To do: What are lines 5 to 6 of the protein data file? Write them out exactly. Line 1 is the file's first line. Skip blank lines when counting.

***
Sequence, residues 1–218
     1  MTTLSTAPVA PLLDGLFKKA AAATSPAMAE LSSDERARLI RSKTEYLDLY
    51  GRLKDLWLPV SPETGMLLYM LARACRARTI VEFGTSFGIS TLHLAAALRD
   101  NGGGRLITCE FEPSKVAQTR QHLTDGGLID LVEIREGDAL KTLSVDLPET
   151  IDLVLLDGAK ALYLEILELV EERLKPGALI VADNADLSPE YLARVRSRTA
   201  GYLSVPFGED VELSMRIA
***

   151  IDLVLLDGAK ALYLEILELV EERLKPGALI VADNADLSPE YLARVRSRTA
   201  GYLSVPFGED VELSMRIA